Fresh details have emerged revealing just how deeply Chinese government hackers plundered HPE, IBM, DXC, Fujitsu, Tata, and others, stealing corporate secrets and rifling through their customers' networks.
An explosive in-depth report by Reuters today blows the lid off APT10, the infamous Beijing-backed hacking operation that was just accused of hacking mobile carriers around the world. APT10 was previously fingered for raiding corporations and organizations globally, and siphoning off blueprints and databases for President Xi's regime.
This week's bombshell builds on last year's revelations that a multi-year operation known as Cloud Hopper had worked its way into the internal networks at HPE and IBM, stealing corporate data and trade secrets along the way, and then drilled into customer systems. The hackers compromised customer servers that were managed by the IT giants, or slipped in via network links between the tech providers and their big-name clients. Hence the name: Cloud Hopper.
Now, word has dropped that another six companies fell victim to APT10 during that same campaign: Fujitsu, Tata Consultancy Services, Dimension Data, NTT, and Computer Sciences Corporation. It is believed most of the hacking took place between 2015 and 2017, though it's said HP at least had been repeatedly pwned since 2010. (CSC is now known as DXC following its merger with HPE's spun-off Enterprise Services in 2017.)
The revelations mean that the reach of the Cloud Hopper operation was far greater than first feared. In addition to the tech goliaths themselves, the hackers pushed their way into customer systems from the compromised providers, dramatically increasing the pool of valuable industrial and aerospace data stolen. Beijing's miscreants had not just access to the internal files of HPE, IBM, Tata CS et al, but also their network-connected customers, putting designs, plans, personal information, and more, at their fingertips. Jackpot.
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We're told that APT10 crew would typically find and exploit a vulnerability in an external-facing server to break in, or a spear-phish an employee to gain access to their intranet account.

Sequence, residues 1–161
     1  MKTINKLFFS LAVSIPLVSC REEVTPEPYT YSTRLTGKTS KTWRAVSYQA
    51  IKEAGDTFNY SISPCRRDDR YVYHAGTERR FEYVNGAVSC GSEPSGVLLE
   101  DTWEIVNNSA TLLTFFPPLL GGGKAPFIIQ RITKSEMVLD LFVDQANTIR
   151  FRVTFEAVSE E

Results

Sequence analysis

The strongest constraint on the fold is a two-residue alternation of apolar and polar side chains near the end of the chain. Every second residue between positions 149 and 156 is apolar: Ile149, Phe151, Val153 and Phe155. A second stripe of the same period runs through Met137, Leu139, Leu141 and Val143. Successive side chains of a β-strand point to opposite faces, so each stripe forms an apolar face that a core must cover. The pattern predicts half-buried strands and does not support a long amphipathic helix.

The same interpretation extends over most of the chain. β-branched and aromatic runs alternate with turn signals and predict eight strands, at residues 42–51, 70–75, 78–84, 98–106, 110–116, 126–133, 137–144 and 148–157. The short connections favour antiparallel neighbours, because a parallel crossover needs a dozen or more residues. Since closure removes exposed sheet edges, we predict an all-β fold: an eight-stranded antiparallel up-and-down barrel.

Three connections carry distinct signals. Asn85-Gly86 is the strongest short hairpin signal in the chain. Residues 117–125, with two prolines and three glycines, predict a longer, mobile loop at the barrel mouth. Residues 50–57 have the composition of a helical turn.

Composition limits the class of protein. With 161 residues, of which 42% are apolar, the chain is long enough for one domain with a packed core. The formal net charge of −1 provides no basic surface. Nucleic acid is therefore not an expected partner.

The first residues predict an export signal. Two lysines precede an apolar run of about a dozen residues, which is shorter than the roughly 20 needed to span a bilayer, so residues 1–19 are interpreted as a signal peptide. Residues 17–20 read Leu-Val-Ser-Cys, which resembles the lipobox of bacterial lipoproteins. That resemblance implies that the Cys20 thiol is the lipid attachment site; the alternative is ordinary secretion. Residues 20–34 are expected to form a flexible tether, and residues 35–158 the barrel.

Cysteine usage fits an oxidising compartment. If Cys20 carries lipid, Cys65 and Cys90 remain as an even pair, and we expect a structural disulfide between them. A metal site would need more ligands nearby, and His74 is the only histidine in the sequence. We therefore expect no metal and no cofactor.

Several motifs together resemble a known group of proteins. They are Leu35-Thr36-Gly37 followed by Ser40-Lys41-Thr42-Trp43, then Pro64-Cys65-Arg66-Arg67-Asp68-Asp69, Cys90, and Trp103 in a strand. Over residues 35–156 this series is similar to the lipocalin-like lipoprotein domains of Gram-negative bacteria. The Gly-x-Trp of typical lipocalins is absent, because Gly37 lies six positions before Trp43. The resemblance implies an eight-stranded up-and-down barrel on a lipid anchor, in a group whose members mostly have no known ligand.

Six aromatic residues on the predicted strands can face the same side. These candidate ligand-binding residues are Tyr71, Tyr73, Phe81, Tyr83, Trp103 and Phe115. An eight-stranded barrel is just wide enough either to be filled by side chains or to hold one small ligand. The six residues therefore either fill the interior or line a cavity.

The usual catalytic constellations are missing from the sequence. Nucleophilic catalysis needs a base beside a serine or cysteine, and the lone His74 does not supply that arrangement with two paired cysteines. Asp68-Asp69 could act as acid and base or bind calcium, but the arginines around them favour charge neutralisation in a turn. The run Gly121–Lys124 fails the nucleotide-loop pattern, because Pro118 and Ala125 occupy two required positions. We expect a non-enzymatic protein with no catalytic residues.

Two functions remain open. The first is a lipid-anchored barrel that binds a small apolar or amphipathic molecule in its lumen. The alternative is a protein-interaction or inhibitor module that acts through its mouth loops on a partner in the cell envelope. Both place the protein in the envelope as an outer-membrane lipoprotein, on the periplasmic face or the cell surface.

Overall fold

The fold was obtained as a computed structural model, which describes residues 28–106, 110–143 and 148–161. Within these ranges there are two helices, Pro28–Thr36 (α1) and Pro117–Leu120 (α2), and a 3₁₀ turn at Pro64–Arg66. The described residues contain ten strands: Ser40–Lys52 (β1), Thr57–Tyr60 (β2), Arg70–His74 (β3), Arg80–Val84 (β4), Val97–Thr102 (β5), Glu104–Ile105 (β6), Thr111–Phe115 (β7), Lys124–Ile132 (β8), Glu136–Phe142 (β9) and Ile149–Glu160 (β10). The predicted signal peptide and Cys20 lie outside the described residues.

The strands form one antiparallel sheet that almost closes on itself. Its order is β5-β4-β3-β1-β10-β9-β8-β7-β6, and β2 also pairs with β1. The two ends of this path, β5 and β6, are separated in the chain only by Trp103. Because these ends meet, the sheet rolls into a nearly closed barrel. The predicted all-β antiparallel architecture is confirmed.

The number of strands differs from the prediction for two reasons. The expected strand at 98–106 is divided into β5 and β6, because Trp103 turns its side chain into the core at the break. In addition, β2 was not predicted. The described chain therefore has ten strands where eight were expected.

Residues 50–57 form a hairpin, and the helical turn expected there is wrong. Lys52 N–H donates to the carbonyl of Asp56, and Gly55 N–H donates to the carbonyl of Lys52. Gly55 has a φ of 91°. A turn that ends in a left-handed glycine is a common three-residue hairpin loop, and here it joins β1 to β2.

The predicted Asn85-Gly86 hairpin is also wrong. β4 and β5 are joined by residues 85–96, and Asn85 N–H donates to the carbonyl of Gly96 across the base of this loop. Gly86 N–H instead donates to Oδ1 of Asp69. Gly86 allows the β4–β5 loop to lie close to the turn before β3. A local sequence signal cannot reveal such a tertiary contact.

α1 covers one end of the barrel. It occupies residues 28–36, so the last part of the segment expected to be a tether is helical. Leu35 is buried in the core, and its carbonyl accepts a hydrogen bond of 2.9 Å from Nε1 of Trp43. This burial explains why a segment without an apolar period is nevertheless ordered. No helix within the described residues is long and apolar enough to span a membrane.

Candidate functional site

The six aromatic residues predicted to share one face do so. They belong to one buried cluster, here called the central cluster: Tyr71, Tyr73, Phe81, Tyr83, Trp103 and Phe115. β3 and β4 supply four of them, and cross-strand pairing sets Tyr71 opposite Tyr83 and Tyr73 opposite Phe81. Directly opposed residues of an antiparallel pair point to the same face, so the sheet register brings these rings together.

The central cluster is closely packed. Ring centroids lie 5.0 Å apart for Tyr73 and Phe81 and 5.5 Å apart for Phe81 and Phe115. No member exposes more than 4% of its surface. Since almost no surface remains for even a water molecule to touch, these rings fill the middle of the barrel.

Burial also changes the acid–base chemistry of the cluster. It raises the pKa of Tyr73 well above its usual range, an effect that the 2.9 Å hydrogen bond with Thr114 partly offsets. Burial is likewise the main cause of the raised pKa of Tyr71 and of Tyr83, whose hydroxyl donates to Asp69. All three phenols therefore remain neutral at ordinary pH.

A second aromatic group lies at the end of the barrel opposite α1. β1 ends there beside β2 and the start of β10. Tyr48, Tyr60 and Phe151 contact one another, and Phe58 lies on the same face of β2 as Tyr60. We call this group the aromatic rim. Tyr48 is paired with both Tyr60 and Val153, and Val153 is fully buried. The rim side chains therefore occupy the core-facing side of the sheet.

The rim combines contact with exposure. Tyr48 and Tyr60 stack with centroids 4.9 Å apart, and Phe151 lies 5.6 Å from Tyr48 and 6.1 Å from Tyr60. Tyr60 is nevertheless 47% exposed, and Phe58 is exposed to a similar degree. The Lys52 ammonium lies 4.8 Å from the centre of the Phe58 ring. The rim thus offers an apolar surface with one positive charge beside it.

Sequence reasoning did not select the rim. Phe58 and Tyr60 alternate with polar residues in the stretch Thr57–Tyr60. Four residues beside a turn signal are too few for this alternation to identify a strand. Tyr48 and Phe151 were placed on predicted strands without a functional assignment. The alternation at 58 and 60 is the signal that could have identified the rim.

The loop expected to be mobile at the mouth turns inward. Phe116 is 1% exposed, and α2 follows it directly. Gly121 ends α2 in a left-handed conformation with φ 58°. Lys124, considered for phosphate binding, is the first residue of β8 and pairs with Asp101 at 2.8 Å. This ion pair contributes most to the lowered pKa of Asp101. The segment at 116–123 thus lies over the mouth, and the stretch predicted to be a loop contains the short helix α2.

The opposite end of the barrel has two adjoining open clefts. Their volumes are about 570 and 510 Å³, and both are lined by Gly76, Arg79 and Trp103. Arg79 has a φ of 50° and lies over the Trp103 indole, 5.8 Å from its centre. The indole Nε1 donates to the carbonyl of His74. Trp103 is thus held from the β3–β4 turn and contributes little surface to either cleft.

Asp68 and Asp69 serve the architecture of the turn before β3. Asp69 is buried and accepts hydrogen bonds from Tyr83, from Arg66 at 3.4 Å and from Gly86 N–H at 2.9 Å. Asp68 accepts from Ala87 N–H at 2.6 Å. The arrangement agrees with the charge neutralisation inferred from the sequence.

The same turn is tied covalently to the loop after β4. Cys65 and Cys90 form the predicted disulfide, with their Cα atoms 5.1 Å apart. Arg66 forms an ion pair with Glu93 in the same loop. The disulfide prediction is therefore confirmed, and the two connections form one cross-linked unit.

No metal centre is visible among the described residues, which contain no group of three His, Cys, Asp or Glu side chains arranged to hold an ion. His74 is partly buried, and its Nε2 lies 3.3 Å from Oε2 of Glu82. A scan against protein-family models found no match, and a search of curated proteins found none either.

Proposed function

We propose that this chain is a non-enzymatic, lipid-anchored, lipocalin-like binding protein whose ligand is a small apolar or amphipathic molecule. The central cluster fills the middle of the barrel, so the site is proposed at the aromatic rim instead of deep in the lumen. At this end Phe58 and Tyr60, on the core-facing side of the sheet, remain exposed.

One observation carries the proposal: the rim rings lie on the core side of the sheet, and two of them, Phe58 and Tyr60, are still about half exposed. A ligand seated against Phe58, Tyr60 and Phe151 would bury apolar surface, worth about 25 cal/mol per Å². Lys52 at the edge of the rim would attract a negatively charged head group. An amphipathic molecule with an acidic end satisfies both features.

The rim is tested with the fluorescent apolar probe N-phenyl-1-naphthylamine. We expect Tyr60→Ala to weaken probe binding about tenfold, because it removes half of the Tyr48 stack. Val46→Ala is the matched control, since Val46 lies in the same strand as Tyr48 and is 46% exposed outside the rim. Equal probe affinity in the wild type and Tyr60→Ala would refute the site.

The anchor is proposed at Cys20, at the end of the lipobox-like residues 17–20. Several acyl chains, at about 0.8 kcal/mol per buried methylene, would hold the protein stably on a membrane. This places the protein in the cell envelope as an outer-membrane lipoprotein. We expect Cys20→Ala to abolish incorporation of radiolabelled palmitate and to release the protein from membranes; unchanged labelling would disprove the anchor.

From there, they harvested additional account credentials from the compromised machine, and used those to access other boxes and services on the network, which were in turn ransacked for more login details, and used further move around the network until the attackers had near complete control over the entire infrastructure. From there, the intruders could siphon off information, and probe network-connected customers, particularly if they gained control of managed or cloud server administrator accounts.
This mirrors the pattern found by researchers at Cybereason, who earlier this month detailed efforts by APT10, or a gang operating just like the Chinese, to compromise ten or more cellular telcos around the world to spy on a few dozen VIPs – think politicians, foreign agents, etc.
Given the resources and time afforded to the operation, it comes as no surprise that APT10 was able to so thoroughly pwn their targets. By the end of the HPE operation, it is said that the hackers had such total control over the corporate network that they had begun leaving messages taunting system administrators.
"One hacking tool contained the message 'FUCK ANY AV' – referencing their victims’ reliance on antivirus software," the Reuters team noted. "The name of a malicious domain used in the wider campaign appeared to mock US intelligence: nsa.mefound.com."
In a statement to The Register, a DXC spokesperson claimed: “DXC has robust security measures in place to actively detect, prevent and alert attacks by actors such as APT10 We also have implemented tools that allow detailed reconstruction of any intrusions attempts, should they happen.
"Since the inception of DXC Technology [in 2017], neither the company nor any DXC customer whose environment is under our control have experienced a material impact caused by APT10 or any other threat actor."
A spokesperson for HPE told The Register with a straight face: "The security of HPE customer data is always our top priority. As is the case in any breach, the company worked diligently for our customers to mitigate this attack and protect their information. And, we remain vigilant in our efforts to protect against the evolving threats of cyber-crimes committed by state actors."
The rest – IBM, Fujitsu, Tata CS, Dimension Data, and NTT – are keeping schtum. Big Blue previously claimed it found no evidence that hackers had accessed its sensitive corporate data. ®
Props to China for its deadpan comedy bit in response to today's revelations: "The Chinese government has never in any form participated in or supported any person to carry out the theft of commercial secrets."